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Defendant Appeals Order for Retroactive Child Support and Counsel Fees


In an action for a divorce and ancillary relief, in which the parties entered into a stipulation of settlement in open court, the complainant appeals from an amended order of the Supreme Court which awarded the defendant counsel fees in the sum of $15,000 and directed that he pay retroactive child support in the sum of $24,199.20 and arrears of his pro rata share of certain child care expenses in the sum of $1,666.

A New York Family Lawyer said the amended order is modified, on the law, by deleting the provision thereof directing that the complainant pay retroactive child support in the sum of $24,199.20, and substituting therefore a provision directing that the complainant pay retroactive child support in the sum of $13,225.40; as so modified, the amended order is affirmed, with costs to the defendant, and the matter is remitted to the Supreme Court for the entry of an appropriate second amended order in accordance herewith.

An award of counsel fees pursuant to Domestic Relations Law is a matter within the sound discretion of the trial court, and the issue is controlled by the equities and circumstances of each particular case. In determining whether to award counsel fees, the court should review the financial circumstances of both parties together with all the other circumstances of the case, which may include the relative merit of the parties’ positions. A New York Custody Lawyer said the counsel fee award generally will be warranted where there is a significant disparity in the financial circumstances of the parties. The court may also consider whether either party has engaged in conduct or taken positions resulting in a delay of the proceedings or unnecessary litigation.

The record reflects that the defendant’s income was less than half that of the complainant. A Staten Island Family Lawyer said the record also reflects that the complainant engaged in unnecessary litigation by contesting the defendant’s motion to set aside the parties’ initial stipulation of settlement, the terms of which were manifestly unfair to her. Accordingly, given the equities and circumstances of the case, the Supreme Court providently exercised its discretion in awarding the defendant $15,000 in counsel fees, which was less than one third the sum requested.

The Supreme Court properly determined that the defendant was entitled to an award of child support retroactive to March 28, 2008, the date of her pendente lite motion (awaiting the ligation). A Nassau County Family Lawyer said the Supreme Court also properly credited the complainant for his payments of the carrying charges on the marital residence, made pursuant to a pendente lite order dated October 8, 2008. However, the Supreme Court erred in calculating the amount of retroactive child support based on the Child Support Standards Act (CSSA) guidelines. The parties entered into a binding stipulation of settlement in open court on December 16, 2009, in which they knowingly and properly opted out of the provisions of the CSSA and agreed that the complainant’s child support obligation would be $1,705 per month. Therefore, the Supreme Court should have calculated the amount of retroactive child support based on that figure, resulting in an award of $13,225.40. The matter was remitted to the Supreme Court so that the court may determine whether that sum is to be paid in installments or in a lump sum.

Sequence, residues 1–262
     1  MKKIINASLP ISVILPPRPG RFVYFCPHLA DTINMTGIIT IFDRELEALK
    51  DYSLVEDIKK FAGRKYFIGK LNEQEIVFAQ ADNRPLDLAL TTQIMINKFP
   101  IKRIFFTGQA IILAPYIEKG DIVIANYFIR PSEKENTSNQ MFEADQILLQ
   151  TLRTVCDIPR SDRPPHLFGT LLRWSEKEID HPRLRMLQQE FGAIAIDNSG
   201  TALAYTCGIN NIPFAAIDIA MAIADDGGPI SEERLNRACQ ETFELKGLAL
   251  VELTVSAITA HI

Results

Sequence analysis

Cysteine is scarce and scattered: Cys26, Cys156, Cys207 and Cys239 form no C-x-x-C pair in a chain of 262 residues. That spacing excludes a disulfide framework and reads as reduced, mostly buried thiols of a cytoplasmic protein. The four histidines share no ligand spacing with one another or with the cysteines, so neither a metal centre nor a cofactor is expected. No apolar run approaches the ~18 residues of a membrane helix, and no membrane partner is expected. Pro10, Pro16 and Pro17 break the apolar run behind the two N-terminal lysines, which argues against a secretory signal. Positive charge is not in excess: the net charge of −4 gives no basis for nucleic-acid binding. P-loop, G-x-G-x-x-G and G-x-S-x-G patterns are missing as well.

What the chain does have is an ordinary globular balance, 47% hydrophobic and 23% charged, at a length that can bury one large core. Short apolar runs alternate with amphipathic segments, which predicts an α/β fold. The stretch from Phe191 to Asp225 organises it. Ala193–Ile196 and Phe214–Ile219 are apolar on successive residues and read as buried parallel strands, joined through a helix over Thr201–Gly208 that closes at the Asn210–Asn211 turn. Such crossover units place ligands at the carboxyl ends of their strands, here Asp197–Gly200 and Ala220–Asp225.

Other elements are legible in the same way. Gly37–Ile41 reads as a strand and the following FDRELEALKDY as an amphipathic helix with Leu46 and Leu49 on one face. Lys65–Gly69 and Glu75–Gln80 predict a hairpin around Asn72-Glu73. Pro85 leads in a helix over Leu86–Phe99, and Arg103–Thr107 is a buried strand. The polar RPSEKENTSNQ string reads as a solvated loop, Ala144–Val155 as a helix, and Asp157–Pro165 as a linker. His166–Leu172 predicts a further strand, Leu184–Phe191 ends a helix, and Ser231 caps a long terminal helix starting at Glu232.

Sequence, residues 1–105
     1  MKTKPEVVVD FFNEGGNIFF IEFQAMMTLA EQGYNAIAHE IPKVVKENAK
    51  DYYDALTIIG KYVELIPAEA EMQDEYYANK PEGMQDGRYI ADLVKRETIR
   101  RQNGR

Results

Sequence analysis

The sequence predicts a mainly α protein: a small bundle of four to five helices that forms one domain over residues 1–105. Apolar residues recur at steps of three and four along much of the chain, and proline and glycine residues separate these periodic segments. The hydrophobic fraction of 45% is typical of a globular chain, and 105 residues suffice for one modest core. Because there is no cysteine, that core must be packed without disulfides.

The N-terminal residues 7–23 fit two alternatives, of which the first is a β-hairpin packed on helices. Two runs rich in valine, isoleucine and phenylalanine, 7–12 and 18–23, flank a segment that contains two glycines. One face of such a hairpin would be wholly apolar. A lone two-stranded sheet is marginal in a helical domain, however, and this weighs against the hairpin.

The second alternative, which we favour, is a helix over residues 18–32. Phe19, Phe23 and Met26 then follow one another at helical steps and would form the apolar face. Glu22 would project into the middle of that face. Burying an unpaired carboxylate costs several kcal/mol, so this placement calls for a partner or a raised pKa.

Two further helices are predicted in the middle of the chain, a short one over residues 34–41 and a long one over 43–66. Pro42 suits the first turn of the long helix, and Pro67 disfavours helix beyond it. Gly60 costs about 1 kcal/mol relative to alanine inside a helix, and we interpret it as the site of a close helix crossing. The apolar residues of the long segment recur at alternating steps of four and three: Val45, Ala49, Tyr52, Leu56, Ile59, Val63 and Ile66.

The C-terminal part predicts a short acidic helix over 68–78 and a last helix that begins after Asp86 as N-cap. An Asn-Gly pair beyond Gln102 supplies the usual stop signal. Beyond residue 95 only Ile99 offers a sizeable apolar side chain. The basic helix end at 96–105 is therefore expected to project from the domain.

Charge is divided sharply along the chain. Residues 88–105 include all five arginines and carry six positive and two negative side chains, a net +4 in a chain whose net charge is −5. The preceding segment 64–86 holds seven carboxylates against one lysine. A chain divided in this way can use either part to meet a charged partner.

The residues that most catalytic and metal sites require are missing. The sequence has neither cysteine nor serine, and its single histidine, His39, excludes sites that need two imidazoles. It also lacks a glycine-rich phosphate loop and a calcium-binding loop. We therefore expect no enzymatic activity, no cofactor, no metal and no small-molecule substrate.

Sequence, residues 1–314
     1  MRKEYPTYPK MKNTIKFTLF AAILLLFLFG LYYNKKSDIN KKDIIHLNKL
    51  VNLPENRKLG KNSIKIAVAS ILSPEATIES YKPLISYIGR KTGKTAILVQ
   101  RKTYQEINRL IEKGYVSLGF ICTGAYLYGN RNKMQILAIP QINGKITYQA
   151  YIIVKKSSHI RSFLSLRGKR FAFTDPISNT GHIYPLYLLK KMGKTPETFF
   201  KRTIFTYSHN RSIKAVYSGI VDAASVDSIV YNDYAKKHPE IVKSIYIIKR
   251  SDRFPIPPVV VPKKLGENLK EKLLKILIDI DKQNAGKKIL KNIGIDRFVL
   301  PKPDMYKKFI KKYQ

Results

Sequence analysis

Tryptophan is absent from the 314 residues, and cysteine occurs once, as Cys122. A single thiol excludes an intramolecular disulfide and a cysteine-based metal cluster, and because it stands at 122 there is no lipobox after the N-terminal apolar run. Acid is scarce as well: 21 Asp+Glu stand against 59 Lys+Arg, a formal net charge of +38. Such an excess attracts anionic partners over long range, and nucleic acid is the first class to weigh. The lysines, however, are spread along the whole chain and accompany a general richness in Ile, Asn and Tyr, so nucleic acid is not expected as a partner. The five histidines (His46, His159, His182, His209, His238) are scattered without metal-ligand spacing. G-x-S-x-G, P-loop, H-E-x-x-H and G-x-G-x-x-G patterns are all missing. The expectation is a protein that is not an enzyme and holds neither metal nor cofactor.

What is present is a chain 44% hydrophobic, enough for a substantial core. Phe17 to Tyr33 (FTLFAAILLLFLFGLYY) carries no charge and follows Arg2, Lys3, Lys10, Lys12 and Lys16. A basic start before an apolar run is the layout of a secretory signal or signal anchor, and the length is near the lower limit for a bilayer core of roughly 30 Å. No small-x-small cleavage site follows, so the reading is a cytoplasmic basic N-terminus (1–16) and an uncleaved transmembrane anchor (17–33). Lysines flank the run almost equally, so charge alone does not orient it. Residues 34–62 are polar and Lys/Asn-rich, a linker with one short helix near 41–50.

When a child receiving support is a public assistance recipient, or the order of support is being enforced or is to be enforced pursuant to the social services law, the court shall establish the amount of retroactive child support and notify the parties that such amount shall be enforced by the support collection unit pursuant to an execution for support enforcement as provided for in the civil practice law and rules, or in such periodic payments as would have been authorized had such an execution been issued. In such case, the court shall not direct the schedule of repayment of retroactive support. The court shall not consider the misconduct of either party but shall make its award for child support.

The Supreme Court properly directed the complainant to pay the sum of $1,666, representing arrears of his pro rata share of day care expenses for the parties’ daughter.

Children depend on their family members to take care of their needs because they don’t have the means yet to provide for themselves. A Suffolk County Family Lawyer together with a Suffolk County Child Support Attorney can help you make sure that your kids will be provided for. Stephen Bilkis and Associates also offer the services of a Suffolk County Abuse and Neglect Lawyer.

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